Good question, right? I’ve been thinking more about it for a few weeks now as a result of an interesting talk by Gopal Sreenivasan (Duke University) entitled “Moral expertise and the proto-authority of affect,” which he gave at CUNY’s Graduate Center.
The New York Times certainly seems to think that one can be a moral expert, hence its ongoing “Ask the Ethicist” column. It is currently run by Chuck Klosterman, a journalist, author, and essayist — not a moral philosopher. Interestingly, when he took over the job recently, Klosterman told New York Magazine: “I don’t claim to be more ethical than anyone else, or even more ethical than the average person. But I love thinking about these types of problems, and I’ll try to be interesting.” We’ll return to this point of the difference between thinking about and practicing ethics (or anything else, really) below.
Here is the typical problem Klosterman deals with at the NYT: “Looking for artwork for my home, I recently bought a used road sign online — a bright blue one advertising a campground ahead. I liked it and ended up buying a second one. Only after I purchased those two signs did it occur to me that they may have been stolen. Now I feel guilty. Throwing them in the recycling bin doesn’t really make the situation right. Selling them to someone else is no better. Reporting the sellers seems hypocritical — plus, I have no evidence. What is my obligation as an ethical citizen?”
As an exercise, before continuing reading this post, close the screen and think about the reader’s question. What advice would you give, and why?
Klosterman’s response was not to worry too much about it, for three reasons. To begin with, there is the fact that the reader is not actually positive that the sign was stolen. It probably was, but that isn’t the only way people acquire road signs. Second, human culpability — according to Klosterman — is limited in scope. Even assuming that the sign was in fact stolen, this might have happened dozen of transactions ago, and, as he puts it, “at some point, it just becomes an object that exists in the world.” Lastly, there is the issue of intent: the reader wasn’t consciously going after stolen property, in which case she could have been held responsible for fostering a black market for road signs. Rather, she engaged in the transaction without suspicions about the origin of the sign. All things considered, then, according to Klosterman, if there is an ethical issue here it is rather negligible.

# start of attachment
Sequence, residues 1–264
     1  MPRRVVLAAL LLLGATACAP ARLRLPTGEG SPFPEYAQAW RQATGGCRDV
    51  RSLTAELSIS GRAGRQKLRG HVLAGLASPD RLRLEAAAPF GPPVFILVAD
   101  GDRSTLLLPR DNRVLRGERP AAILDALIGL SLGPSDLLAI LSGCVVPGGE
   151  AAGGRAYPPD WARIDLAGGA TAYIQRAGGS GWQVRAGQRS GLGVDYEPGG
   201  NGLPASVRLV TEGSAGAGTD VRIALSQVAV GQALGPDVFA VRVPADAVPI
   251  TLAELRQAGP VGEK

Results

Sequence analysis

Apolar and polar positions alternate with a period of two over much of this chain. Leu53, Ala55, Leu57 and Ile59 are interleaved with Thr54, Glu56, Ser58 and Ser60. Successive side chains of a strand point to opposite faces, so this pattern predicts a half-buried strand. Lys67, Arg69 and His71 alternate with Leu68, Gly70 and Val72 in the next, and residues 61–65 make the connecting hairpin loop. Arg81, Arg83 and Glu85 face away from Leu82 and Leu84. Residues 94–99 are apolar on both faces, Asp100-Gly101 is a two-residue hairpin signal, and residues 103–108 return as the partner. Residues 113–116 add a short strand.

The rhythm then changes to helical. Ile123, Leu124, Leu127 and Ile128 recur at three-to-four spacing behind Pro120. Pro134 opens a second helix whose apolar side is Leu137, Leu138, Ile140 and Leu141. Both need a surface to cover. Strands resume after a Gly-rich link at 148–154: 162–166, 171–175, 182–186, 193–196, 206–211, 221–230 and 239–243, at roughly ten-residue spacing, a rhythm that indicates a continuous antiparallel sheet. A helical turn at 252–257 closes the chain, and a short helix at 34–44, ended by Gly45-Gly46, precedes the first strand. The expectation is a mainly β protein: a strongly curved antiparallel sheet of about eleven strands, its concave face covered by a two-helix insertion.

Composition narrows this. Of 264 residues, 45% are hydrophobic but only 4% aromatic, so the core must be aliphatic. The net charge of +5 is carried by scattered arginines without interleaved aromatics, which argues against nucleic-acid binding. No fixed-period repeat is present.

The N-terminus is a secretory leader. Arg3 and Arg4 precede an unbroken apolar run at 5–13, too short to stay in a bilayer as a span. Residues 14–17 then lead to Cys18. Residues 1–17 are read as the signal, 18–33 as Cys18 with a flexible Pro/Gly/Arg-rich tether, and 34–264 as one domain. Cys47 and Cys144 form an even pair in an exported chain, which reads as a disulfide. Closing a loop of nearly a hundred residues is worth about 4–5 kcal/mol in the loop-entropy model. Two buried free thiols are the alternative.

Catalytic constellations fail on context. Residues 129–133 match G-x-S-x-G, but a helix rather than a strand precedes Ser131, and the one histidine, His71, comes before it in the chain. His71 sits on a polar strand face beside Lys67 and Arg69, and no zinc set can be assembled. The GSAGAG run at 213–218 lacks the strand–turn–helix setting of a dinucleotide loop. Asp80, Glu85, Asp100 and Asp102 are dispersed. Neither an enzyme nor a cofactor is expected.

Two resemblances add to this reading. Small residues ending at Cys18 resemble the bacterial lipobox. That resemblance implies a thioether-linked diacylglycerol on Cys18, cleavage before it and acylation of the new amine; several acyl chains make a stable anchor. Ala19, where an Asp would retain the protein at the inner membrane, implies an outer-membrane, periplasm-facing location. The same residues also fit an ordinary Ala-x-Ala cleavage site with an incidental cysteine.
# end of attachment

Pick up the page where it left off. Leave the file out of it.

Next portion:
I agree, and think that The Ethicist (this time) got his reasoning exactly right. This example is interesting to me because it makes a crucial point that some of my readers seem to either miss or be peculiarly uninterested in. When I write about ethics here at Rationally Speaking, people often gravitate toward meta-ethical issues: am I a moral realist? What grounds moral judgments in general? And since there is no free will (ah!), how can anyone possibly believe in ethical judgment? Oh, and hasn’t Sam Harris demonstrated that ethical questions are best answered by science?
But I’ve often argued that the most useful way to understand ethics is to think about it as a tool for reasoning about moral dilemmas, just as we have seen with the example above, or as is systematically illustrated by Michael Sandel’s books. Yes, of course ethical reasoning is done within a particular framework, be it deontology, consequentialism, virtue ethics or something else. And yes, there are also interesting “meta” questions (just as there are for other areas of inquiry, including science itself). But for most human beings, most of the time, ethics is an issue of reflecting about real situations and making the best decision that is possible to make given the circumstances.